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In 2013, the 21-year-old Vancouver woman stayed at the downtown Los Angeles hotel -- which has been dubbed "Hotel Death" by some -- and her body was discovered a few weeks later in the building's water tank. Clinical psychologist Dr. Judy Ho was a part of the documentary and joins to discuss the riveting, chilling, and dark story.
Dr. Judy explains the footage of Elisa in the hotel elevator, where she is seen behaving erratically and helped fuel numerous conspiracy theories about her death, was most likely the result of her bipolar disorder and a manic episode. The psychologist explains this mental health struggle can lead to visual and auditory hallucinations, delusions, and uncontrolled body movements.
"This was a mental health concern that unfortunately at the time was being under-addressed [in Elisa]," Dr. Judy says, explaining the autopsy report found she was not taking all of her medications for her bipolar disorder. Additionally, Elisa's family confirmed in the documentary that she had a history of not taking all her prescribed medications and repeatedly struggled with managing her mental health.
Dr. Judy explains the 21-year-old was also likely bipolar type 1 -- a more severe type of the disorder -- which may include hallucinations, delusions, paranoia, impulsive behaviors, and says it can last for days and up to weeks if untreated.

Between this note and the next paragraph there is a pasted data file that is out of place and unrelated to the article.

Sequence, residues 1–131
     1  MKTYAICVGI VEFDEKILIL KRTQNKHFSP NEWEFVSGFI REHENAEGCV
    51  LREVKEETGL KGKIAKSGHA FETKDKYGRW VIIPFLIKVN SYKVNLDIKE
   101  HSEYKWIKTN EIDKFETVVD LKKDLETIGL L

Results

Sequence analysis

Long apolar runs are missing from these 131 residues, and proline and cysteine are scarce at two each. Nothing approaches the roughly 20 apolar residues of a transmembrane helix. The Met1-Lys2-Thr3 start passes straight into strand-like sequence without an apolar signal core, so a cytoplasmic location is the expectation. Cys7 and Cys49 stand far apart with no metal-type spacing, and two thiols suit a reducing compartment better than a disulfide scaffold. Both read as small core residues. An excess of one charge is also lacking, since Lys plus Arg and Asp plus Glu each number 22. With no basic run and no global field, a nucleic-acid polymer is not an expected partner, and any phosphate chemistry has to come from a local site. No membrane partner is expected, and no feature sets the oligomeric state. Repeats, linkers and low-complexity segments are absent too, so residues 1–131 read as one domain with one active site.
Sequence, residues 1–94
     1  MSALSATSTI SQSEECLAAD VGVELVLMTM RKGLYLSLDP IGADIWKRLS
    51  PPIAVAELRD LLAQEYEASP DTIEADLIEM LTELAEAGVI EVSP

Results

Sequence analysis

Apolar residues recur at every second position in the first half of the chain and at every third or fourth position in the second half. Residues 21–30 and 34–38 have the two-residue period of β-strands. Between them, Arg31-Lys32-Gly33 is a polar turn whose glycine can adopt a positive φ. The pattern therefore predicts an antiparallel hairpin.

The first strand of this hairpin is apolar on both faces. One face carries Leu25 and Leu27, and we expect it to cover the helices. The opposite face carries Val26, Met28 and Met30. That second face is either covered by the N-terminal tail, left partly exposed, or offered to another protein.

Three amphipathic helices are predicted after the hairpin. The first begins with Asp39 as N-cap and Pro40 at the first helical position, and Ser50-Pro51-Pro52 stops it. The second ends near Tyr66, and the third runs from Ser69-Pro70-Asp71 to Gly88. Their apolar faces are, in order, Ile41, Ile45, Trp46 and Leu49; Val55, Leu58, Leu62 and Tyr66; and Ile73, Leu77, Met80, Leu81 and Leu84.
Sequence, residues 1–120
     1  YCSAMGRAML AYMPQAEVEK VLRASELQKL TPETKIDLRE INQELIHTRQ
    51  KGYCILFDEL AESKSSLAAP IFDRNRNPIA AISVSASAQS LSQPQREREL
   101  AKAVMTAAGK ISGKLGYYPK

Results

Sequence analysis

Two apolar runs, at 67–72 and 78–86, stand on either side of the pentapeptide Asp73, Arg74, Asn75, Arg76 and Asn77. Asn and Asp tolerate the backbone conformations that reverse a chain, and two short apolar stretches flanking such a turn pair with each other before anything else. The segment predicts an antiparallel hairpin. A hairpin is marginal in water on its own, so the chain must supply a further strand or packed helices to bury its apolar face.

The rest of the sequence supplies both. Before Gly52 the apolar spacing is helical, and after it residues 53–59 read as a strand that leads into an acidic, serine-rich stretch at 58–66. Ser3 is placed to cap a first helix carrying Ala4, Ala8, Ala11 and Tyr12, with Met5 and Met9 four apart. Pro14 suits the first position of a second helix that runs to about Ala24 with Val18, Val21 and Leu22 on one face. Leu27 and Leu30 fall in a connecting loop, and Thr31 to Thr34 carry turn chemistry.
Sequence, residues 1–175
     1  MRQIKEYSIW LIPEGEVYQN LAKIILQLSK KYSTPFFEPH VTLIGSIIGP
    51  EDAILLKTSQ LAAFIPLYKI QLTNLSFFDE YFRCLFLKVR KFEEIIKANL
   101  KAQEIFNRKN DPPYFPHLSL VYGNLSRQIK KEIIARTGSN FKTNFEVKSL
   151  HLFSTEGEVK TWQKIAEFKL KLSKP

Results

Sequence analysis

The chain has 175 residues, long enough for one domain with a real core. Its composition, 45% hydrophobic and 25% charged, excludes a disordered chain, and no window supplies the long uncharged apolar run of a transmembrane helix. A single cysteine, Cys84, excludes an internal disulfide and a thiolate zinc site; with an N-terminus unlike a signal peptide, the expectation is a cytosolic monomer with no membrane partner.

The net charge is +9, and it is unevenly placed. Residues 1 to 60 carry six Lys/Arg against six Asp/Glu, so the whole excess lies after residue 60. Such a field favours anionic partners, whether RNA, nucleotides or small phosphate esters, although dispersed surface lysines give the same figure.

So what led to Elisa's death?
"My theory is she thought somebody was after her... and she ran to the roof, trying to hide from them, trying to save her life. She saw the water tank and thought maybe it was a good place to hide, but once she got in there was no way out," Dr. Judy says, noting she does not believe this was a suicide.
Dr. Judy hopes highlighting this tragic story will help others struggling and that Elisa's legacy will go beyond just a true crime story and help educate about the importance of managing and treating mental health.
"We still have a lot of work to do in mental health awareness and reducing stigma especially in [certain] cultures, and educating people about what good treatment is -- and knowing that there is nothing wrong with receiving treatment," the psychologist tells The Doctors.